Wall Street Journal: How the U.S. Tracked and Killed the Leader of the Taliban
Chicago Tribune: Taliban figure says death of leader in U.S. drone strike could unify group

Syria: A U.S.-backed alliance of militias began a new offensive against the city of Raqqa, ISIS’s de facto capital, on Tuesday. The Syria Democratic Forces (SDF) alliance, which includes the Kurdish YPG militia and controls large parts of northern and eastern Syria, reportedly captured towns north of Raqqa in preparation for a larger assault against the ISIS-held city. Reuters, CBS, CNN

Iraq: The UN expressed concern for the security of civilians in Fallujah, as Iraqi forces shelled the ISIS-held city for a second day on Tuesday. The UN refugee agency UNHCR said several women and children had died while trying to flee the city. Reuters

Egypt: The EgyptAir passenger jet that crashed in the Mediterranean Sea last week did not show signs of technical problems before leaving Paris, according to investigators. However, Egyptian Foreign Minister Sameh Shoukry said on Tuesday that the possibility of terrorism could not be ruled out, though he did not provide any evidence of the claim. Reuters, NBC, Financial Times

United Kingdom: Simon Cole, the police leader of the government’s Prevent anti-radicalisation program, said on Tuesday that the program’s plans may be too difficult to enforce. Cole warned of creating a “thought police” by allowing police officers to judge “what people can and can not say.” Guardian, The Independent
The U.S.-Saudi Arabia counterterrorism relationship: “I argue that Saudi Arabia has made considerable progress on counterterrorism in the last 15 years but still has a long way to go,” writes Daniel Byman at Brookings. “Before the September 11, 2001 terrorist attacks, and really until Al Qaeda began to attack the Kingdom directly in May 2003, Saudi Arabia was often uncooperative on counterterrorism and more part of the problem than part of the solution...Since 2003, the Saudi regime has emerged as a vital counterterrorism partner, and several important successes against Al Qaeda in particular are due in large part to Saudi cooperation.”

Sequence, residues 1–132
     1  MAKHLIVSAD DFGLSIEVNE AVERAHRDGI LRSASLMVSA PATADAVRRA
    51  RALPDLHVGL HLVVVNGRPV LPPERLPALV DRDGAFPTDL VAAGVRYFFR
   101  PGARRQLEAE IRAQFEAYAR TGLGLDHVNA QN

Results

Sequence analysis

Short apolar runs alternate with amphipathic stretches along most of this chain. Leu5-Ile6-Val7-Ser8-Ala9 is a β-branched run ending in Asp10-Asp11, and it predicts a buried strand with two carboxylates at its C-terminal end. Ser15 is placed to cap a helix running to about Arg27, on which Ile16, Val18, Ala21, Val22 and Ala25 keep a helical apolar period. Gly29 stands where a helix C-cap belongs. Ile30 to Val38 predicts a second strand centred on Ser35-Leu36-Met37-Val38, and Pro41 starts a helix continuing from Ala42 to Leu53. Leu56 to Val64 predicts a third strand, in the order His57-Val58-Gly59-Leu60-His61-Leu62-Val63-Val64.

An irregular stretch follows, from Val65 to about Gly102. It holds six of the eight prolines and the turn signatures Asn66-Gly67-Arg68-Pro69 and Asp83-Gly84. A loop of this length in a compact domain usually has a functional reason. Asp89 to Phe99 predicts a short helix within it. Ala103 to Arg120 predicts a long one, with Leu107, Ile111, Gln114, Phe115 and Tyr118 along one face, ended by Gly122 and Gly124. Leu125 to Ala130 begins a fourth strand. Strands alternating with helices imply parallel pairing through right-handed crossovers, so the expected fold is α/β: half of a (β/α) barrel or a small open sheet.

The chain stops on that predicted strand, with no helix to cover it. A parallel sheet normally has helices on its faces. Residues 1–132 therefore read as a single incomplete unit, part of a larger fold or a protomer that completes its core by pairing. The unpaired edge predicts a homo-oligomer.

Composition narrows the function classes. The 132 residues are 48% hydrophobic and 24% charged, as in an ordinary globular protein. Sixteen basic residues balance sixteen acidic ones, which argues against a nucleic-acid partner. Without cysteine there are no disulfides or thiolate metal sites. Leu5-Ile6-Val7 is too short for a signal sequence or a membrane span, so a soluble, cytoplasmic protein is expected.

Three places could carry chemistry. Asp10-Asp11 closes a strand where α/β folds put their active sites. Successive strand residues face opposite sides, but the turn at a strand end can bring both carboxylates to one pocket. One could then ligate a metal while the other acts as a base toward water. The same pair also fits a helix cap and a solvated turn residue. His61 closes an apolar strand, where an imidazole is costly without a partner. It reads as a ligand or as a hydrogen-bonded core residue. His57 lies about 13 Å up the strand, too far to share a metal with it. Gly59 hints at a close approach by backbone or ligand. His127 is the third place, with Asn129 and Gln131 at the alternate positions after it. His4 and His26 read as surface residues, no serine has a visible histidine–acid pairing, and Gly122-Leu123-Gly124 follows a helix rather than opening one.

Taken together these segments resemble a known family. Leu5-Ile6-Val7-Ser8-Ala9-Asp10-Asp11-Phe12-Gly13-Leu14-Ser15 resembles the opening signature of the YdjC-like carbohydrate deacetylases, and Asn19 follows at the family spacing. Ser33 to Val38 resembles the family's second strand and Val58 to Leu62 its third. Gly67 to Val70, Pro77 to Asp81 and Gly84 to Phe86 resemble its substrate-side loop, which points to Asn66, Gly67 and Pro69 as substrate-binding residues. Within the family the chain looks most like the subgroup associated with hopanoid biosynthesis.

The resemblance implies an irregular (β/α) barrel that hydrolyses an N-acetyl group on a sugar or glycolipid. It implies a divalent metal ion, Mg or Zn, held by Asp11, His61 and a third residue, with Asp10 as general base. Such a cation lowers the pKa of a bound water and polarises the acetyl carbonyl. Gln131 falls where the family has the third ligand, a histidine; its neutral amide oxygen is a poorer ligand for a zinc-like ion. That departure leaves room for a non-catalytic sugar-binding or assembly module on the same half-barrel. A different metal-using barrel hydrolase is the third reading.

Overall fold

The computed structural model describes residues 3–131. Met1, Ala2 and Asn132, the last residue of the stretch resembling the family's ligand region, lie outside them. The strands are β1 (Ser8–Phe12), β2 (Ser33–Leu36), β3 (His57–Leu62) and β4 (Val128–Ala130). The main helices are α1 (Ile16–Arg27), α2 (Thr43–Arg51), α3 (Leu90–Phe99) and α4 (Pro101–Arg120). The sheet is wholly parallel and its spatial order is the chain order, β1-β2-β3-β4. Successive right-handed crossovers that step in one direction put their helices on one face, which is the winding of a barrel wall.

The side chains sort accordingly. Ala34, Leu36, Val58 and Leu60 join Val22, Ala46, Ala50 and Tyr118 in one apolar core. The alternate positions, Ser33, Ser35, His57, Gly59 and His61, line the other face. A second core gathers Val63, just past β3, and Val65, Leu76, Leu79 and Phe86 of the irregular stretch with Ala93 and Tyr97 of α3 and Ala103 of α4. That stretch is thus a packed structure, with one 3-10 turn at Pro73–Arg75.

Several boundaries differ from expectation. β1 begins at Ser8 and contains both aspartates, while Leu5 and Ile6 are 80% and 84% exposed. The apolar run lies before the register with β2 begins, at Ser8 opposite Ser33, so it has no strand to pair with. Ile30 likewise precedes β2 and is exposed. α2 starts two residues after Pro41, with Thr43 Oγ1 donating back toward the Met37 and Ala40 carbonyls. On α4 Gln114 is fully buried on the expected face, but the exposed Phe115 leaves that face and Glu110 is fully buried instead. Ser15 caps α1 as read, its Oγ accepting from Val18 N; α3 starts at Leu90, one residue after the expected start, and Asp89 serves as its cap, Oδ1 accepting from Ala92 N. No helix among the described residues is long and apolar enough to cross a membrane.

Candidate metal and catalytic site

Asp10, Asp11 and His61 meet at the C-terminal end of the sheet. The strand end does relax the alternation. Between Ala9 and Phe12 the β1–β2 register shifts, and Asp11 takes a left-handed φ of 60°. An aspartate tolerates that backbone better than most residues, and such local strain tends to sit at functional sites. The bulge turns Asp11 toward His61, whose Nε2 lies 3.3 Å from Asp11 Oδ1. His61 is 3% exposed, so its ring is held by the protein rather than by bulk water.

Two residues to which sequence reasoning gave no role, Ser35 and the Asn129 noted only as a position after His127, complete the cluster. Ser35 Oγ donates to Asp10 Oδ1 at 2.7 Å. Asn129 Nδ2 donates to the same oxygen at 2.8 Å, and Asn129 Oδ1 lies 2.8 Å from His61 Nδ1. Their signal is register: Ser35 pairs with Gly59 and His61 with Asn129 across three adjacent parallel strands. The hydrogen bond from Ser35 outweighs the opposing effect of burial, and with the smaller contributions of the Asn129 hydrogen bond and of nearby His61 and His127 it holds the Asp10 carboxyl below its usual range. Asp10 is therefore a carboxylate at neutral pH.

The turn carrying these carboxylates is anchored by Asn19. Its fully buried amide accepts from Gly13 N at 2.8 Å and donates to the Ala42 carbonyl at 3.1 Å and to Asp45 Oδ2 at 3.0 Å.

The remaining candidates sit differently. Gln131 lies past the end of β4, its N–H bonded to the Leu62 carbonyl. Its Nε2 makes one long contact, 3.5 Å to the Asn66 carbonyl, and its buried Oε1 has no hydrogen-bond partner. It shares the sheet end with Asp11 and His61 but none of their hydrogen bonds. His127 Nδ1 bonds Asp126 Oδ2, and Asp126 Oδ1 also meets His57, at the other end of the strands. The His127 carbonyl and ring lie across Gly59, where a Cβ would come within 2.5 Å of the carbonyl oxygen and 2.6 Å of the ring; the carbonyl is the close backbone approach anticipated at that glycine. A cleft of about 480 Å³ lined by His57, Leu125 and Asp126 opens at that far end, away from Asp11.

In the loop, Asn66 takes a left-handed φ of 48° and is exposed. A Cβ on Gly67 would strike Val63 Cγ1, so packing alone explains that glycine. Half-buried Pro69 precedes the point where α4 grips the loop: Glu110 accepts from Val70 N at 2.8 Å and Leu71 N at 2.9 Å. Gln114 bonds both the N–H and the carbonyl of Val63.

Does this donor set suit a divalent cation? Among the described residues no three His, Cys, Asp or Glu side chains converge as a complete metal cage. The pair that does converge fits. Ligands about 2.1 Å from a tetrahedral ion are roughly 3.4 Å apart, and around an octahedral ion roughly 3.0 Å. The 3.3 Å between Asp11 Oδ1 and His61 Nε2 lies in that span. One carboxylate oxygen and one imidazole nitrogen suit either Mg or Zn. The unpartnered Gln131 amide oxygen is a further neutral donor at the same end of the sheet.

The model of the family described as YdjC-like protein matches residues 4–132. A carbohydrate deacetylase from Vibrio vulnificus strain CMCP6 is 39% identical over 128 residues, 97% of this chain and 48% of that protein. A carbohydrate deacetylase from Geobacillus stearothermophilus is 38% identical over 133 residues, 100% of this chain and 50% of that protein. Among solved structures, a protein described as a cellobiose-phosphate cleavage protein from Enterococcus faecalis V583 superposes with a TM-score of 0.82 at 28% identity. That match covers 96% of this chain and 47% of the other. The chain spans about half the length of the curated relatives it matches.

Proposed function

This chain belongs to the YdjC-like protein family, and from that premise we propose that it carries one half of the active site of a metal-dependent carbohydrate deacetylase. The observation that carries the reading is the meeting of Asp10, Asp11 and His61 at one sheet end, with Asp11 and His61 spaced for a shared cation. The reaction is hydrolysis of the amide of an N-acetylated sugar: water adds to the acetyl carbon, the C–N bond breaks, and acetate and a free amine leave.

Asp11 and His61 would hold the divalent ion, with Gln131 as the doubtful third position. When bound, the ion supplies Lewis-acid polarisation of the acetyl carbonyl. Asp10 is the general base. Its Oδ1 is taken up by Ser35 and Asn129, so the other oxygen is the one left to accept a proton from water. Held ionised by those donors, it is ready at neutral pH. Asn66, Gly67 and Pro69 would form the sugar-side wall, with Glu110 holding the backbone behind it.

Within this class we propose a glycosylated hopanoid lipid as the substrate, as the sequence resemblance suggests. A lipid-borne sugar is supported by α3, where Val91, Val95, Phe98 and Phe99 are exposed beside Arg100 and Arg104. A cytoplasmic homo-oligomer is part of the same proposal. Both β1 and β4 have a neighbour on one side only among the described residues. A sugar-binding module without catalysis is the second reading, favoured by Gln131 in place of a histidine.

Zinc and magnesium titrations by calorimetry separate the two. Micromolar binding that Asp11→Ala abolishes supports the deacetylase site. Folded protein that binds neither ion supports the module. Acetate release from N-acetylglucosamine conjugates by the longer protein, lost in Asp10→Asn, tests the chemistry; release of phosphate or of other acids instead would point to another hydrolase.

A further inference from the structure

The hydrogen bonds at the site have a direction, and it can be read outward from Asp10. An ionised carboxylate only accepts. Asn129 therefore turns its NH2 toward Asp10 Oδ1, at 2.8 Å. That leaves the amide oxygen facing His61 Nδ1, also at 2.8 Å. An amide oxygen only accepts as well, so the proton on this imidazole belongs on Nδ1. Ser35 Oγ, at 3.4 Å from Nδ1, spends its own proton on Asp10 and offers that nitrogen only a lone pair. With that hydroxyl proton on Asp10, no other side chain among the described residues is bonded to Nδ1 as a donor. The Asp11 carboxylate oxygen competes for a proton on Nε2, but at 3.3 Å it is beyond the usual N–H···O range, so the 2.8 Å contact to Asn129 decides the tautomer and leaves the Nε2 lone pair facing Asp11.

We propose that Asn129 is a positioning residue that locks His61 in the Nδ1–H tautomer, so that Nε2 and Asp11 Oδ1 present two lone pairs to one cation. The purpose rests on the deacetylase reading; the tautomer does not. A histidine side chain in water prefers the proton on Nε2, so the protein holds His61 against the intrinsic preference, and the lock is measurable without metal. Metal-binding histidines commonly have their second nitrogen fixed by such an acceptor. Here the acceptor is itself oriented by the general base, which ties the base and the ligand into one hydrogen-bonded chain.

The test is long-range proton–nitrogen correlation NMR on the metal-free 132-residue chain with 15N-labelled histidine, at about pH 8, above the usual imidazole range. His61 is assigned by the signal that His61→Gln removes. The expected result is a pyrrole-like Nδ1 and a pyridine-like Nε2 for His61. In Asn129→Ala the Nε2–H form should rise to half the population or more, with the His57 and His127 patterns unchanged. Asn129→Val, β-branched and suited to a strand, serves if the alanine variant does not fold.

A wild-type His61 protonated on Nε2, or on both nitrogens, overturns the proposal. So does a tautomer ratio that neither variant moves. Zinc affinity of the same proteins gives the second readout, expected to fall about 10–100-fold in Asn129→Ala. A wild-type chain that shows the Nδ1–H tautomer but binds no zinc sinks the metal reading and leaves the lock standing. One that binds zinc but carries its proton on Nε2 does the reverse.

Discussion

The magical thinking of killing Mullah Mansour: “The ‘important milestones’ come and go; we keep on killing bad guys, and the bad guys just keep on keeping on,” writes Rosa Brooks on Foreign Policy. “In the three years since the death of Taliban leader Mullah Omar, the group appears to have gotten stronger, not weaker: Afghanistan experts say the Taliban now control more territory in the country than at any time since before the 2001 U.S. invasion.”

The southern front in Syria: “For the past two years, Washington has focused its attention on northern Syria, where it has attempted to strengthen the Syrian Democratic Forces and rout the so-called Islamic State. It has paid much less attention to southern Syria. That is a mistake,” writes Ehud Ya’ari on Foreign Affairs. “The United States has an opportunity there to consolidate and expand upon recent rebel gains. A relatively modest assistance program from Washington could help the local factions expel ISIS from its small enclave in the region and gradually dissolve the local al Qaeda affiliate, Jabhat al-Nusra.”

For cutting-edge analysis of the geopolitical events shaping global affairs, read today’s TSG IntelBrief: The Fragile Alliances Against the Islamic State

Join the Center on National Security on Wednesday, June 1 for a discussion with Director Karen J. Greenberg, author of Rogue Justice: The Making of the Security State. To RSVP click here